Five Poems

by Laura Merleau
click here to read these poems in French

Volcano in D minor
Everything that’s left you
Without telling you anything
Of its secret – here it comes
Through the doorway
That had been blocked for decades
By a large fallen stone

Your first glance frees
A hundred doves
Off to seek the bodies
They once lived in

Already full of mist
Without your cane
Hobbling up the corridor
Lined with pillars three feet square
You’re turning blue

The moon absorbs the rest of your strength

Stumbling over fragments
Of pottery, jewelry, statues of wind instruments,
Such offerings to the living
To appease a mountain of shadows
Resting on sheets of ice

You go trudging along the wide-open road
In a deep anesthesia
Up the slope of a crater
That loves its basalt
As itself, with all its power
Of resurrecting ashes

To free your sleep
Of physical constraints, to draw
In air

The doves confide in you –
You can keep the secret
Of flight until the infinite
Comes to quench
Its thirst

In the snow beginning to melt
Off this summit for the first time
In memory, leaving behind a sound
Of everything you wanted left unsaid

Upon Returning from the Volcano

All day she thinks of
a world without
basalt – where her wrists
aren’t always slit
like the night before
Vesuvius broke
open.  Then the atriums
filled with layers
of ash – underneath
everything became
hollow or stayed
vivid as the burial
night left them – those murals
that had rooms, walls,
ceilings to keep them
intact.  Then came
the diggers – the one
who thought to pour
plaster into the space
she once filled.  Thus
her form’s whole
again – no cracks or
scratches even as
he chips the glass
lava away.


Inside your blue
box, you’ve been pressing
so long against
the green arteries etched
in steel, your left hand
refracts at the wrist
cut off by three
flat dimensions.  Bent
beneath the
lid, your shoulders
refuse to admit
that a steady
continuous pressure won’t
let in a crevice of
pink, red, or orange
sky.  Your purple eyes
can’t ascertain – those are your
bare feet they’ve been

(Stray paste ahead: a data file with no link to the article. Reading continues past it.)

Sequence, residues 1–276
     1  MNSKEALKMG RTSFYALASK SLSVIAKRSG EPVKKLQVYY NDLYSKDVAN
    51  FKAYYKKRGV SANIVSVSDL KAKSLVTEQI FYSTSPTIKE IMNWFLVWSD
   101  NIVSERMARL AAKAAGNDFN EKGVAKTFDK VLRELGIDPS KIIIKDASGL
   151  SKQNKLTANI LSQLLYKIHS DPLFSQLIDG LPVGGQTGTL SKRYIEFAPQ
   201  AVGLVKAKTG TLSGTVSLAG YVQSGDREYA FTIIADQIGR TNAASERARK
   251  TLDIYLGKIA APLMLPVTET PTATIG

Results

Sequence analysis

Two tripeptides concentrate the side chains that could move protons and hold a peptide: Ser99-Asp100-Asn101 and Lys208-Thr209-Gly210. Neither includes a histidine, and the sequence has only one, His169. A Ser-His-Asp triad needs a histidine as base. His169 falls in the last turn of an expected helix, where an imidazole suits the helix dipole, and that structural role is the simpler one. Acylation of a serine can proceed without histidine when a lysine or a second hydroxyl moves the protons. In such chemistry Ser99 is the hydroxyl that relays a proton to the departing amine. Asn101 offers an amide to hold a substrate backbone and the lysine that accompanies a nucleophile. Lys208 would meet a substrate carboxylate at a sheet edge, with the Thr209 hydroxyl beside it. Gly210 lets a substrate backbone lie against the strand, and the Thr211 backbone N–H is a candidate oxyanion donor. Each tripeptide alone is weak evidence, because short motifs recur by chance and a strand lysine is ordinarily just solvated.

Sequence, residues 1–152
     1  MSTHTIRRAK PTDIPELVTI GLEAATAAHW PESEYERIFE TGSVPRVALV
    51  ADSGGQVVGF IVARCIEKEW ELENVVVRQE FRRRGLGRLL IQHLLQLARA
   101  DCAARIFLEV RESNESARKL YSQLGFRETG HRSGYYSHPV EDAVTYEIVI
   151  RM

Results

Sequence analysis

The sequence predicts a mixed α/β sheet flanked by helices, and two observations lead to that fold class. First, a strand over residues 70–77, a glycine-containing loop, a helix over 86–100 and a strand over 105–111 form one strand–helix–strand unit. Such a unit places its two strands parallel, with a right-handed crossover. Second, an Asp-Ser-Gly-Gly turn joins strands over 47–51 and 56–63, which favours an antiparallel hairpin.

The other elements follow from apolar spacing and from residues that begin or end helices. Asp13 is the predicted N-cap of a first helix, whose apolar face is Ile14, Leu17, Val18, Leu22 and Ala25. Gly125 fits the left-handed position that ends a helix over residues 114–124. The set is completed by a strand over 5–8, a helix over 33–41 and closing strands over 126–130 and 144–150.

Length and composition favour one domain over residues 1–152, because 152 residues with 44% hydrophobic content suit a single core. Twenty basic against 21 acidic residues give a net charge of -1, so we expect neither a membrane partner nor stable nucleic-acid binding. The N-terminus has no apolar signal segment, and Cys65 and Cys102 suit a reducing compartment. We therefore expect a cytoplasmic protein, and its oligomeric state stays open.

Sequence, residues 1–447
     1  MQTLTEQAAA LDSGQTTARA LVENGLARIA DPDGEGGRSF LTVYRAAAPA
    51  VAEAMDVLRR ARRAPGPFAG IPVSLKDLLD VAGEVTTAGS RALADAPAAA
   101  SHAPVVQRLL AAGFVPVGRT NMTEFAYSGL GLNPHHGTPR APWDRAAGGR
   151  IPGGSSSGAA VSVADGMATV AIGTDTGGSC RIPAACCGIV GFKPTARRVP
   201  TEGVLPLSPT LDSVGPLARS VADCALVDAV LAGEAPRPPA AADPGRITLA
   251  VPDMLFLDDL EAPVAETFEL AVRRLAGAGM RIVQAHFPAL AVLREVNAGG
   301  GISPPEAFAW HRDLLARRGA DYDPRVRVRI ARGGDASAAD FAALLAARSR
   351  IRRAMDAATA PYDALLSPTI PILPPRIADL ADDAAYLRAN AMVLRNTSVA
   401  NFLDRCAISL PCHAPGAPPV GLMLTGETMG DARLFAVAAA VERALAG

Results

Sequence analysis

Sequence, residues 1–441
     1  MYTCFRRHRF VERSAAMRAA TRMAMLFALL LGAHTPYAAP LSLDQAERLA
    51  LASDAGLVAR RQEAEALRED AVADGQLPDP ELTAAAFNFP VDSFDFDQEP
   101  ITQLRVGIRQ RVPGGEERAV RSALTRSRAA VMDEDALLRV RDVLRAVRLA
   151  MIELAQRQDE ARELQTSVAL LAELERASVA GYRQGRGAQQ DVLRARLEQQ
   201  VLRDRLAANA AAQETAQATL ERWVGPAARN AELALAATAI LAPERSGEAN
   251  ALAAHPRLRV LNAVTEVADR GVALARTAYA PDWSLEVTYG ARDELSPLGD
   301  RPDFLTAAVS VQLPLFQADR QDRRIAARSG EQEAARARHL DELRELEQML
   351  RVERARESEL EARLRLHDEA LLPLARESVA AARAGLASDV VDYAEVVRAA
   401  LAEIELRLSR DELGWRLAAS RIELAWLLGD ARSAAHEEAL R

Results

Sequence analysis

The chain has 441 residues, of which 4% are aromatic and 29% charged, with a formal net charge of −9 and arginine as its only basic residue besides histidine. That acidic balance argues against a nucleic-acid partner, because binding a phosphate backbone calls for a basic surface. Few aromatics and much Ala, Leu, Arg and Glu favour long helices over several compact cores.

staring at all these years.
Your long brown hair forms veins
down the back of your sweaty
parchment toga dripping
blue ink onto the
illegible floor.  Is it
a figure
of the moon
their blots spell
out?  They’re filling
your walls with
memories of a bloody ocean,
a boat drifting
on the horizon through
an opening in the night
where you found
that impossibly gold
hand reaching
in from outside,
pulling open its secret
little door at the center
of your black heart.

Epiphany in a Primary Color

The blue rain fell
Onto the blue flowers
Scenting the blue breeze

So why weren’t you their mirror

Water would never be enough
For your crumbling
Ruins flanked by
Ionic columns
Opening onto what was once
The interior

To drag such a history
Across the center
Of an hour
Slowing down

To tinge the dark

Blue stamens

Glassy Menagerie

All day, the day’s been orbiting
The phases of a skeleton
Unfazed by a boa constrictor coiled
At its bare feet

How you meant to acquire
Such a fine sense
Of the me and not-me

Down the gray
Misty Avenue de l’Observatoire
You watched the leafless limbs
Of plane trees write their secret
Love songs to the moon
Rising out of its black fish bowl

With arms discolored
From intravenous
Feedings, you unwound
The bandages to read
A glassy tale of surgery
With antiseptically white
Lettering on a sheet of starlight
Reaching through thickening

History unwinding its smoky
Tail artistically about its paws like a cat
Who never rushes through
An open door
The fish darting nervously about
Behind distended walls

How you know their inarticulate
Mouthings the watery limitation
That denies them the power
Of climbing out of
Their world to cross the limitless

Dark growing over fading
Roofscapes backed by a heavy
Ironwork grating
To let in all that radiation
And wave music


Laura Merleau lives in Waterloo, Illinois, with her husband and two cats.  Her poetry has appeared in Jet Fuel Review, New Mirage Journal, and Bloodroot. Her novella, Little Fugue, was published in 1993 by Woodley Memorial Press.